Home office as a security risk

What companies can do

COVID-19 not only confronts many companies with enormous economic challenges. In order to minimize the risk of infection and to take into account the exit restrictions, closed schools and childcare facilities, many companies have started to send their employees to their home offices.

This requires the short-term development of solutions for mobile working, e.g. by installing new software to enable participation in video conferences or access to certain company systems, but at the same time brings new challenges for IT security.

The problem:

The problem: Not only employees want to access the company networks from outside, but also hackers. In the current situation, hackers are increasingly exploiting the fear of the public and see their chance in exploiting weak points resulting from home office activities and possibly not fully implemented IT security measures.

The most common method of attacking corporate networks are phishing attack. Recently, there has been a large increase in the number of such attacks, which have taken advantage of the situation around COVID-19 (the so-called "Corona Phishing").

Phishing is a made-up word that is made up of the words “password” and “fishing”. Criminals disguise themselves as a reputable company, e.g. a bank, and use fake e-mails to ask, for example, the recipients to update their personal data. As a pretext for the confirmation of account information, they cite, for example, the imminent expiry of a credit card or state that the transmission of personal data is necessary in order to be able to stay in contact with the bank via chat in times of the Corona crisis. Via a link, the users are directed to an authentic-looking input mask, which sends the data directly to fraudsters after they have entered it.

The mail can also be designed as a mail from the company's own IT department, which informs employees, for example, that there is a new portal that they should use in their home office, or as information from government agencies or doctors about COVID-19. 


The acquisition of critical business data and information by criminals can have serious and sometimes very expensive consequences for companies that are difficult to assess, as prominent examples from the past have shown. For example, the Marriott Group was fined £110 million after hackers succeeded in obtaining sensitive customer data such as credit card and passport numbers, birth dates, etc. without authorisation over a period of several years3. In addition, there was non-quantifiable damage to the company's reputation, as the incident made it into the current daily press. Potential risks for companies can be in particular:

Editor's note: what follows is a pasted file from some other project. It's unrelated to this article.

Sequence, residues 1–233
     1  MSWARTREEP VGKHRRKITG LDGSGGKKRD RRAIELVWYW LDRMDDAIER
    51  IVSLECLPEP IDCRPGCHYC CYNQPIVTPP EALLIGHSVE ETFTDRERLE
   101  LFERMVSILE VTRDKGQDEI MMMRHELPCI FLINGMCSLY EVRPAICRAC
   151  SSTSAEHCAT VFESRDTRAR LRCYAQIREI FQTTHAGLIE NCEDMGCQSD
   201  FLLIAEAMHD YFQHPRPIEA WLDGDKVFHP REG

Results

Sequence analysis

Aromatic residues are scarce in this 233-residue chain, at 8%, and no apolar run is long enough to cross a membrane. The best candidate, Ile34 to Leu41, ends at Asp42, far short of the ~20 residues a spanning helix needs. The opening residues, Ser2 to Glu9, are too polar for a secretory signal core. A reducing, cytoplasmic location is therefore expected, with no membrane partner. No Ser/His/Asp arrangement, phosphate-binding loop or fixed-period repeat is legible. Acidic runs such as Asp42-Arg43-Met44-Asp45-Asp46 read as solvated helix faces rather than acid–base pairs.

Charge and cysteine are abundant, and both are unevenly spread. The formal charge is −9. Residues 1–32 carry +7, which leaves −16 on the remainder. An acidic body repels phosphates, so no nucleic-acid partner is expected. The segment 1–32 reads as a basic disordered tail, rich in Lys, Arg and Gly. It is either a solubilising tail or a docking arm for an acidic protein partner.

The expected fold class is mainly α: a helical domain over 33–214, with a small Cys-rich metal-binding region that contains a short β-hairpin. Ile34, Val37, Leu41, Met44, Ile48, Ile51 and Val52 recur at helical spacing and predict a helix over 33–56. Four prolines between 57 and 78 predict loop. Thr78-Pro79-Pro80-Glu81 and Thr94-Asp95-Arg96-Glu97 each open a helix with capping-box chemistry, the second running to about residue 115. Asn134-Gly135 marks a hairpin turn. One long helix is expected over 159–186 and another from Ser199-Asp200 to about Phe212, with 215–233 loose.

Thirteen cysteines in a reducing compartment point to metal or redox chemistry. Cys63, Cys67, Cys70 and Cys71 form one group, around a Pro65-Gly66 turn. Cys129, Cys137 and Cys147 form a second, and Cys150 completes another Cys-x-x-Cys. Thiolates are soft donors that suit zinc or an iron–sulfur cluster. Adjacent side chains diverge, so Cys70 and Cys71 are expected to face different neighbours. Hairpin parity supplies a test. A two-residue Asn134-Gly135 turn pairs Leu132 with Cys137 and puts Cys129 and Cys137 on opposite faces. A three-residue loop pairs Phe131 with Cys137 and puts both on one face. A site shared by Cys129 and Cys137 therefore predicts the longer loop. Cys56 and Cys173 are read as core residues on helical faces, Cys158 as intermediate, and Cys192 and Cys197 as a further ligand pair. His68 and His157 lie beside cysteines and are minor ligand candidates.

• Loss of customers due to damage to reputation
  • Company data can fall into the wrong hands; e.g. competitors or industrial espionage
  • Blackmailing by paralysing IT systems
  • High fines imposed by the supervisory authorities 
  • High additional costs due to the need for new IT security measures, such as social network hugging after a hacker attack. 


Despite all the challenges that COVID-19 brings with it, it is therefore essential for companies, especially in these times, to keep an eye on IT security and to take adequate measures to protect the company's IT. These can be, for example, with regard to home office activities:

  • Prohibition to use private computers to dial into the company network. In addition to IT security risks, legal problems can also arise when private devices are used for business purposes and personal data such as names or e-mail addresses are processed. 
  • Creating awareness, e.g. by training and informing employees in dealing with phishing mails and malware (especially in connection with COVID-19), as well as by clear, unmistakable and binding regulations on IT security.
  • Creation of a home office policy and processes that regulate working from home and thus for the correct protection of company infrastructure and data.
  • VPN access to the company network; access to the company network should be via secured Virtual Private Networks, in short: VPN or another protected access. 
  • Intensive integration of the data protection officer and (if available) the IT security officer or the IT security department; the IT security and the data protection officer of these positions should be integrated in the COVID 19 crisis team.

From a legal point of view, in addition to the requirements resulting from the IT Security Act, the BSI Kritis Ordinance or the Business Secrets Act, the requirements of the General Data Protection Regulation (GDPR) and the Federal Data Protection Act (BDSG) must be taken into account.

These provide for various obligations for companies as controllers within the meaning of the GDPR for the processing of personal data. In addition to the basic obligation to implement an adequate data protection management system, these include above all the implementation and documentation of technical and organisational measures (TOMs) to ensure that data cannot be compromised, e.g. by a hacker attack.

In order to ensure that your company meets all legal and technical requirements with regard to IT security and data protection, it is therefore advisable to regularly review your company and establish processes in which every important party involved, including IT security and the data protection officer, partakes.

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